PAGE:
Poetry Explorer- Classic Contemporary Poetry, THE LAST SUPPER; A PICTURE BY LEONARDO DA VINCI, by LYDIA HUNTLEY SIGOURNEY



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THE LAST SUPPER; A PICTURE BY LEONARDO DA VINCI, by             Poet's Biography
First Line: Behold that countenance, where grief and love
Last Line: Where there is no betrayer.
Subject(s): Last Supper, The; Leonardo Da Vinci (1452-1519); Paintings And Painters


BEHOLD that countenance, where grief and love
Blend with ineffable benignity,
And deep, unuttered majesty divine.

Whose is that eye which seems to read the heart,
And yet to have shed the tear of mortal woe?
Redeemer! is it thine? And is this feast,
Thy last on earth? Why do the chosen few,
Admitted to thy parting banquet, stand
As men transfix'd with horror?
Ah! I hear
The appalling answer, from those lips divine,
"One of you shall betray me."
One of these?
Who by thy hand was nurtured, heard thy prayers,
Received thy teachings, as the thirsty plant
Turns to the rain of summer? One of these!
Therefore, with deep and deadly paleness droops
The loved disciple, as if life's warm spring
Chilled to the ice of death, at such strange shock
Of unimagined guilt. See, his whole soul
Concentred in his eye, the man who walked
The waves with Jesus, all impetuous prompts
The horror struck inquiry -- "Is it I?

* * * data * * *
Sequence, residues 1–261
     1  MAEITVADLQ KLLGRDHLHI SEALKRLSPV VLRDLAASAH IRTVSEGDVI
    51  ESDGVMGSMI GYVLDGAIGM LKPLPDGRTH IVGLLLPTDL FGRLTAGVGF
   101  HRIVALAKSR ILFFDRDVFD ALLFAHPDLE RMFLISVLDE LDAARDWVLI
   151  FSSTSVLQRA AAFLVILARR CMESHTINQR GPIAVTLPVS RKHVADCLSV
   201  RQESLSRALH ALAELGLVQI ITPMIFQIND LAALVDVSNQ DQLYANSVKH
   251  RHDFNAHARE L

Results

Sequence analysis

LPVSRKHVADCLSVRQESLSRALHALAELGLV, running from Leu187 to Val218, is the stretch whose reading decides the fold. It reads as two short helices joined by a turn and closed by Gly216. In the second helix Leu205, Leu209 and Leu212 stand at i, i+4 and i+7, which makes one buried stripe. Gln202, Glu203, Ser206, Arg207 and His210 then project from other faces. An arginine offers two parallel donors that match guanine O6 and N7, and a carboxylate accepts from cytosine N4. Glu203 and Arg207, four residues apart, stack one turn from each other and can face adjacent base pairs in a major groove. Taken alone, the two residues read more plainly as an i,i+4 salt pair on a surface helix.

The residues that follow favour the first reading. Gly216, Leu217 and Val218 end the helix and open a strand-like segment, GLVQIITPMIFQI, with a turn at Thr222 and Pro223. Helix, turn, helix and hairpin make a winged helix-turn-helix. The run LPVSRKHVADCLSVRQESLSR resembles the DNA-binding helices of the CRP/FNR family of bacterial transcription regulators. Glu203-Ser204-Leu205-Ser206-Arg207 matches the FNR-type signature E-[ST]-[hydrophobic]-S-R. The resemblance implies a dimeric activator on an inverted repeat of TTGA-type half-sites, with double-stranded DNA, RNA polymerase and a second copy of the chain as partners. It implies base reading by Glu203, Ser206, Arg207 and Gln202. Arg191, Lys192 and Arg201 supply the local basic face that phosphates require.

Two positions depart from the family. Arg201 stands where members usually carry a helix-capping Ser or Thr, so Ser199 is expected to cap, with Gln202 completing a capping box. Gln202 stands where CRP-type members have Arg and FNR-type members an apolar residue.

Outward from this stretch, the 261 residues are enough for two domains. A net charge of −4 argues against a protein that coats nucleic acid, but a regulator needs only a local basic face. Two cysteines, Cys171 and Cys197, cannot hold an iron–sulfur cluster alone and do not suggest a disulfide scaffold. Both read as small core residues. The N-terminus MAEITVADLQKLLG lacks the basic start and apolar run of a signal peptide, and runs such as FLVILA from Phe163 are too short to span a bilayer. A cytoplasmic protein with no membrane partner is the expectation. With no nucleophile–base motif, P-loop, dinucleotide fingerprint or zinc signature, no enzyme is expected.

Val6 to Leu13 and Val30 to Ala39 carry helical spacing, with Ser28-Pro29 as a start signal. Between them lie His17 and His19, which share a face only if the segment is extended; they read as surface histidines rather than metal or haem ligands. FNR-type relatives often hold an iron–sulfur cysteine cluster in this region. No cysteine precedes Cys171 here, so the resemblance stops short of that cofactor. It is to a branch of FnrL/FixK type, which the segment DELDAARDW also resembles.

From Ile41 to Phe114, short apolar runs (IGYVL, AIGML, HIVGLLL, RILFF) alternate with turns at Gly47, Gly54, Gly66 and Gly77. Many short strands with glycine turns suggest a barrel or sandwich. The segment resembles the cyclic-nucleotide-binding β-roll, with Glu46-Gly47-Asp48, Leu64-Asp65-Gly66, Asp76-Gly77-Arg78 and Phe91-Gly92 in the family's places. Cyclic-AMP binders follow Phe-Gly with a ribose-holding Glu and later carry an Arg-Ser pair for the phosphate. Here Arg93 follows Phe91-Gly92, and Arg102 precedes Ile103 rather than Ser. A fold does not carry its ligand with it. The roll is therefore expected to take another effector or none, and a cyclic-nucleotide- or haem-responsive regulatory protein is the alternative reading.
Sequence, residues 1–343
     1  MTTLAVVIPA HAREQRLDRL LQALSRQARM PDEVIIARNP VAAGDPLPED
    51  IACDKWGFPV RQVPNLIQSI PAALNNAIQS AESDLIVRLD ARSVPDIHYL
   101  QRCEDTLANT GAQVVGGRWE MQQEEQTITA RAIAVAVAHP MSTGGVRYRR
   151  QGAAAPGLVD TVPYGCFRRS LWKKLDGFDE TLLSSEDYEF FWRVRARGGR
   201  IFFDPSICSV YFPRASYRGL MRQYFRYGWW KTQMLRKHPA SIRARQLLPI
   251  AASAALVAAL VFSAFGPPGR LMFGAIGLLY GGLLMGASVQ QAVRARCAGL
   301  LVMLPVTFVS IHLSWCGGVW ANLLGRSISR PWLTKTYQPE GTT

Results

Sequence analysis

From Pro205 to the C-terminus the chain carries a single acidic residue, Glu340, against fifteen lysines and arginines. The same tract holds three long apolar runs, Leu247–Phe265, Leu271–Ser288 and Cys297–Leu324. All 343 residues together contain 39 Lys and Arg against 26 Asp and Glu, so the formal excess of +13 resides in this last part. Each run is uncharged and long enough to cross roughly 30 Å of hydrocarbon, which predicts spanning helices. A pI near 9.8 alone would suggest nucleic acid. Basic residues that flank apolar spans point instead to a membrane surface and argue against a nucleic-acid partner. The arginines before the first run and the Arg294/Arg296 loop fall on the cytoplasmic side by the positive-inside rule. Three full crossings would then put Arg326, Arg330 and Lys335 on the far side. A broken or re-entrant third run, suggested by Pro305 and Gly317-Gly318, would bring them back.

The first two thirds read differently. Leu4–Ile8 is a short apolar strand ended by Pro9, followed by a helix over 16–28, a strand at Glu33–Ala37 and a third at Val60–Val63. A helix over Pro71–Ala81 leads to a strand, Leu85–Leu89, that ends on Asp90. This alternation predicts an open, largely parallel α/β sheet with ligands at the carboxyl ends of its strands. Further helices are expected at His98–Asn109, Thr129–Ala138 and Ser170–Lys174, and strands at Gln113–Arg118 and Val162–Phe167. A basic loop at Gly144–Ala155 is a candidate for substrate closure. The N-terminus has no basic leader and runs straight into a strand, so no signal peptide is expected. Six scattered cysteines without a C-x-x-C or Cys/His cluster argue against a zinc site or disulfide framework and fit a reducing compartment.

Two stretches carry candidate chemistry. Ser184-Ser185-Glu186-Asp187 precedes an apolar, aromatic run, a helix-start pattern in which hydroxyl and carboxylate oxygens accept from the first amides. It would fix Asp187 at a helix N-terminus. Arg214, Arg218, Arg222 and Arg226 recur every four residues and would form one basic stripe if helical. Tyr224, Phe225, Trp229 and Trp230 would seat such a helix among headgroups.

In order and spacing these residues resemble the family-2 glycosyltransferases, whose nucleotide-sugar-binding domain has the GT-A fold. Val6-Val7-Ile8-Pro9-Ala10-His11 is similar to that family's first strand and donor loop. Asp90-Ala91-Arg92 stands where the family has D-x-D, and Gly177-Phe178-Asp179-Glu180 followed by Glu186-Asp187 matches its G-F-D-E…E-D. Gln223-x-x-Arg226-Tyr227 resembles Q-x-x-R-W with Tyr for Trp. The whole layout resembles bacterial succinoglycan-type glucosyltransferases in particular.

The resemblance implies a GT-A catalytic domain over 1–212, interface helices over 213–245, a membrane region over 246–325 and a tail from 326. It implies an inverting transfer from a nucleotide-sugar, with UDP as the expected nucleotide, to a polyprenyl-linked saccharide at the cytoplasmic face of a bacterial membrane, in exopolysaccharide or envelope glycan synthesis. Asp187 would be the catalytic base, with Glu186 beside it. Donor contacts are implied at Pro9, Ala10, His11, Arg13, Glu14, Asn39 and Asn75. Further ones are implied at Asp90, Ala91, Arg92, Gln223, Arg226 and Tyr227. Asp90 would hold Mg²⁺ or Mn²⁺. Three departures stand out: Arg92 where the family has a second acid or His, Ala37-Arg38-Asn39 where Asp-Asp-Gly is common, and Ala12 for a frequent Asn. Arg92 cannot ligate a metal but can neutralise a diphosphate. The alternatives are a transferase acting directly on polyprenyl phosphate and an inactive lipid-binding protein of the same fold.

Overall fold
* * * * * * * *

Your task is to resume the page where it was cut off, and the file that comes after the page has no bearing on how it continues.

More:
Lord! is it I?" while earnest pressing near,
His brother's lip, in ardent echo seems
Doubling the fearful thought. With brow upraised,
Andrew absolves his soul of charge so foul;
And springing eager from the table's foot,
Bartholomew bends forward, full of hope,
That by his ear, the Master's awful words
Had been misconstrued. To the side of Christ,
James, in the warmth of cherished friendship clings,
Yet trembles as the traitor's image steals
Into his throbbing heart; while he, whose hand
In sceptic doubt was soon to probe the wounds
Of him he loved, points upward to invoke
The avenging God. Philip, with startled gaze,
Stands in his crystal singleness of soul,
Attesting innocence -- while Matthew's voice,
Repeating fervently the Master's words,
Rouses to agony the listening group,
Who, half incredulous, with terror, seem
To shudder at his accents.
All the twelve
With strong emotion strive, save one false breast
By Mammon seared, which, brooding o'er its gain,
Weighs thirty pieces with the Saviour's blood.
Son of perdition! -- dost thou freely breathe
In such pure atmosphere? -- And canst thou hide,
'Neath the cold calmness of that settled brow,
The burden of a deed whose very name
Strikes all thy brethren pale?
But can it be
That the strange power of this soul-harrowing scene
Is the slight pencil's witchery? -- I would speak
Of him who pour'd such bold conception forth
O'er the dead canvass. But I dare not muse,
Now of a mortal's praise. Subdued I stand
In thy sole, sorrowing presence, Son of God --
I feel the breathing of those holy men,
From whom thy gospel, as on angel's wing,
Went out through all the earth. I see how deep
Sin in the soul may lurk, and fain would kneel
Low at thy blessed feet, and trembling ask --
"Lord! -- is it I?"
For who may tell, what dregs
Do slumber in his breast. Thou, who didst taste
Of man's infirmities, yet bar his sins
From thine unspotted soul, forsake us not
In our temptations; but so guide our feet,
That our Last Supper in this world may lead
To that immortal banquet by thy side,
Where there is no betrayer.





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